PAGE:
I'm reviewing for a test, and I am not sure if I am getting the right solution.

Let $X$ and $Y$ be iid $\mathcal{N}(0, \sigma^2)$ random variables.

a. Find the distribution of $U = X^2 + Y^2$, $V = \frac{X}{\sqrt{X^2 + Y^2}}$,

b. are $U,V$ independent?

c. Suppose $\sin(\theta) = V$. Find distribution of $\theta$ when $0 \le \theta \le \pi/2$.

(tentative answers):

I get

  1. $f_{U,V}(u,v) = \frac{1}{4\pi} \sigma^{-2} \exp \left[ -u/(2\sigma^2) \right]| (1-v^2)^{1/2} + (1-v^2)v^2|$,

  2. yes (density factors and supports dont rely on each other)and

  3. $g(\theta) = \left[\cos^2(\theta) + \cos^3(\theta)\sin^2(\theta)\right]\frac{1}{8 \pi \sigma^4}$.

Anybody recognize any of these distributions?

  • 2
    $\begingroup$ $U$ should work out to be an exponential random variable and $V$ is the distribution of $\cos \Theta$ for $\Theta \sim U[0,2\pi)$. $\endgroup$ – Dilip Sarwate Jan 13 '13 at 4:43
  • 1
    $\begingroup$ 1. Your answer to (3) is puzzling, because the total probability (the integral of $g$) will depend on $\sigma$, whereas it cannot: it must always equal $1$. 2. For some insight into this question, read about the Box Muller transform. $\endgroup$ – whuber Jan 13 '13 at 17:26
  • $\begingroup$ Thanks guys. (1) simplifies to $\left[ \frac{1}{2\pi}\frac{1}{\sqrt{1-v^2}}\right] \left[\frac{1}{2\sigma^2}\exp\left[ \frac{-u}{2\sigma^2}\right] \right]$, and that makes it easier to find the density of $\theta$, as well. $\endgroup$ – Taylor Jan 13 '13 at 18:24

Because there's a subtlety here, this question is worth a correct answer. But let's develop it with as little work as possible, in the most straightforward manner.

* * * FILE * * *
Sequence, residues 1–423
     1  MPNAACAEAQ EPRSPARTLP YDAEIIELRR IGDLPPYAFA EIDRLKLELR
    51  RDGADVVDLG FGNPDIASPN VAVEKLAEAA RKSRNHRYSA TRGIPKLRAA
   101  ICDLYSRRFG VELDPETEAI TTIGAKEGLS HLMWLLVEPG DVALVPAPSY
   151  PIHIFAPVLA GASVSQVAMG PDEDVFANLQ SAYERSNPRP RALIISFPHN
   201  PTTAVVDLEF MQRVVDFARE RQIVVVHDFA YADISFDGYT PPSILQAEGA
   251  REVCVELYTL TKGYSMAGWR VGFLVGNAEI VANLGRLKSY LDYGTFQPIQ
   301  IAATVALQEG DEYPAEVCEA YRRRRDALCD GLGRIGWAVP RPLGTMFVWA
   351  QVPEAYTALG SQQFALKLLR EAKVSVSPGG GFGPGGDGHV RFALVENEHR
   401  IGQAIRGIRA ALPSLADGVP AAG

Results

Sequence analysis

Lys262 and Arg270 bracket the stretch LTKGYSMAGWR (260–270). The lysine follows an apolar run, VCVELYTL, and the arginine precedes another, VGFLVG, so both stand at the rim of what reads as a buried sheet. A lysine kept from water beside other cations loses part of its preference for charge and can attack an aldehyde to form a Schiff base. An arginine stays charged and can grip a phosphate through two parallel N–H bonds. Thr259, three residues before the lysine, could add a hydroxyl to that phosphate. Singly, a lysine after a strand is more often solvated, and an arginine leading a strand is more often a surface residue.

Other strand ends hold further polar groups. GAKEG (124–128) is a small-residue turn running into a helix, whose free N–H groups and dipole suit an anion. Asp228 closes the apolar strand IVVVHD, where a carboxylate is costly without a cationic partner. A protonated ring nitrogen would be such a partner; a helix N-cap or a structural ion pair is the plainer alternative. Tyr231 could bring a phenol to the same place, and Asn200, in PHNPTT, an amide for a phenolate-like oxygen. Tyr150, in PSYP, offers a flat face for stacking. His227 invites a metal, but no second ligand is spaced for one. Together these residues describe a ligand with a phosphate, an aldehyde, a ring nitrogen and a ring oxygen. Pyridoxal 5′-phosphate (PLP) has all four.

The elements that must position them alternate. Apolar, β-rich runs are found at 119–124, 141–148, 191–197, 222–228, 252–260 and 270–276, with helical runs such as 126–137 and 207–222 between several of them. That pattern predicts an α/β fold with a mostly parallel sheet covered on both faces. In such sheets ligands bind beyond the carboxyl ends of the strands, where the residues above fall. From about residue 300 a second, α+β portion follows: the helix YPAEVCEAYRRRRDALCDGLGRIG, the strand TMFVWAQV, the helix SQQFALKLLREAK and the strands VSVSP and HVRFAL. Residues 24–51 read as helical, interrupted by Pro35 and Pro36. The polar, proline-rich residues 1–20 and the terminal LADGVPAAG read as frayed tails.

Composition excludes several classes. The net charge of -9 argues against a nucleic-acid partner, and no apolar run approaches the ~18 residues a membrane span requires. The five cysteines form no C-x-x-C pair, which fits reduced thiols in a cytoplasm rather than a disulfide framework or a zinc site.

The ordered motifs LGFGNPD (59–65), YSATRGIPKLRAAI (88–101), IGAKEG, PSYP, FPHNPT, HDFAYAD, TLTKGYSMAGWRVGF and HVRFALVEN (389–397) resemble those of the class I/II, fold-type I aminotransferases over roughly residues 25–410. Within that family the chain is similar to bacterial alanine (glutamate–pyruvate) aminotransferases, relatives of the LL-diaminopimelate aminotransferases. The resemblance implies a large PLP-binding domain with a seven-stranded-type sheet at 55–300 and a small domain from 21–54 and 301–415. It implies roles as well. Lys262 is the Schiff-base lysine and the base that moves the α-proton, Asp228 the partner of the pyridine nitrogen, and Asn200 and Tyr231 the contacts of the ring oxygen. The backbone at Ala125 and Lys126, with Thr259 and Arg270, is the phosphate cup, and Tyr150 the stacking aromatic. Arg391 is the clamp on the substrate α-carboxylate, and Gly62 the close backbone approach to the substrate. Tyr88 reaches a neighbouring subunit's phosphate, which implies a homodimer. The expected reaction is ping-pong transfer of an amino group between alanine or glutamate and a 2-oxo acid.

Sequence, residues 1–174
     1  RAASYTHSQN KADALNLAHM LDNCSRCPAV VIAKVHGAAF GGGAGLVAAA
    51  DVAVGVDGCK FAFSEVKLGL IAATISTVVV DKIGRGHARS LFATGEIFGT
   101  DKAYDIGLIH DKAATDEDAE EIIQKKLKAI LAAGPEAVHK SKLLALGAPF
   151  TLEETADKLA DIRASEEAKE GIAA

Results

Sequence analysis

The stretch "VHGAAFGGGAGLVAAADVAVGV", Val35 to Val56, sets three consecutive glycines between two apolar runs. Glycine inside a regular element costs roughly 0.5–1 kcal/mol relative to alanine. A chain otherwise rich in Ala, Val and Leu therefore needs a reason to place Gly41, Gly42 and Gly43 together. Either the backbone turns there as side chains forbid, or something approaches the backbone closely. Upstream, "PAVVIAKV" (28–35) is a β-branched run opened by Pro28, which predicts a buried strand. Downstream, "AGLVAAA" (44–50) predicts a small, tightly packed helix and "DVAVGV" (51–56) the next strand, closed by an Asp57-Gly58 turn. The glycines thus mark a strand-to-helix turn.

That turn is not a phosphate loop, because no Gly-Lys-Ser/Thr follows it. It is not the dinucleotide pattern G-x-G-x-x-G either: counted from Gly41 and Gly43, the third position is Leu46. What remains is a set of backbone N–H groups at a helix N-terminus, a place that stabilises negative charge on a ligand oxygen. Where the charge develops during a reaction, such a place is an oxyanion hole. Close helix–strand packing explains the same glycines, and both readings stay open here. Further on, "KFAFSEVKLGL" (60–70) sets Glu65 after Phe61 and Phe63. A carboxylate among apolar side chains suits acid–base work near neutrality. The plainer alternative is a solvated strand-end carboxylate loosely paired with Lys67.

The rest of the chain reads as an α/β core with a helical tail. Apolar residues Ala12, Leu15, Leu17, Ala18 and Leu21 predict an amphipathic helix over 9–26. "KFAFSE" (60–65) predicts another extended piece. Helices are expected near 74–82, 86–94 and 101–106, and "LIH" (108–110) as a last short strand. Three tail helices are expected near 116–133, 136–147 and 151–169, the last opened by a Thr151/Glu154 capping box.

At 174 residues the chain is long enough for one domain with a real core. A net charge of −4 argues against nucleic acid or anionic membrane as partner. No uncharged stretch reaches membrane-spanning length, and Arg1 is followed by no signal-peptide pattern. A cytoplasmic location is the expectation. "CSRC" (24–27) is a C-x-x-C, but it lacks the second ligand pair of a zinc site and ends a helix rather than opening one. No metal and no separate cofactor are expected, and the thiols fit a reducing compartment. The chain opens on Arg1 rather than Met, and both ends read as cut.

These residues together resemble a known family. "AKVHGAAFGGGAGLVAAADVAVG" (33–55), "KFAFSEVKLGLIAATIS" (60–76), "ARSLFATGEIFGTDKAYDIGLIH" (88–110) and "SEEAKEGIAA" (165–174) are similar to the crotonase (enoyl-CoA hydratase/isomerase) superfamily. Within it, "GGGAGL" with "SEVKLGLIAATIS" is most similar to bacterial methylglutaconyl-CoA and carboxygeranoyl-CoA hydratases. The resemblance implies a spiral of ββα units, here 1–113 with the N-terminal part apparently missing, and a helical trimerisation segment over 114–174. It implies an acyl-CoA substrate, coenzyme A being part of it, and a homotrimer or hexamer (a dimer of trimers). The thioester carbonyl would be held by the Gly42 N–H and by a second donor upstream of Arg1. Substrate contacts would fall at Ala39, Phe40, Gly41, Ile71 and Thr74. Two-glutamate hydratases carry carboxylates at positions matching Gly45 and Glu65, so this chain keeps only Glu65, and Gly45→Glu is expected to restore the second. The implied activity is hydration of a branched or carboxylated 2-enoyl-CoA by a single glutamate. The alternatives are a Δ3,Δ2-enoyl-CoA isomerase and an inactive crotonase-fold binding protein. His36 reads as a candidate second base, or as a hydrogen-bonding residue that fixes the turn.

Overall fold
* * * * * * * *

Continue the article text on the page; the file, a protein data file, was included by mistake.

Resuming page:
What subtlety? The variables $(U,V)$ do not determine $(X,Y).$

The change of variables from $(X,Y)$ to $(U,V)$ is two-to-one: because $(U,V)$ gives us information about $Y$ only in the form of $Y^2,$ whenever $(X,Y)$ corresponds to $(U,V),$ so does $(X,-Y).$ Almost surely, $Y\ne -Y$ (the chance of this for a Normal distribution of $Y$ is zero). This means the density of $(U,V)$ will be twice what a mindless application of the routine Calculus formulas indicates.

Those routine formulas are, of course, the computation of the Jacobian. This is just an old-fashioned term for computing the differential element $\mathrm{d}x\,\mathrm{d}y$ in terms of the new variables. One of the easiest ways to work it out starts with the formulas

$$X = V\sqrt{U};\ Y = \sqrt{1-V^2}\sqrt{U}.$$

Taking differentials,

$$\begin{aligned} \mathrm{d}x\,\mathrm{d}y &= \left(\frac{v}{2\sqrt{u}}\mathrm{d}u + \sqrt{u}\mathrm{d}v\right)\,\left(\frac{\sqrt{1-v^2}}{2\sqrt{u}}\mathrm{d}u - \frac{v\sqrt{u}}{\sqrt{1-v^2}}\mathrm{d}v\right) \\ &= \frac{1}{2\sqrt{1-v^2}}\mathrm{d}v\,\mathrm{d}u. \end{aligned}$$

Substitute everything into the original probability element for the bivariate Normal distribution taking care to indicate what the possible values of the variables $u$ and $v$ can be. Omitting this is another pitfall that plagues the uninitiated, so I will be explicit, using $\mathcal{I}$ to represent the indicator function: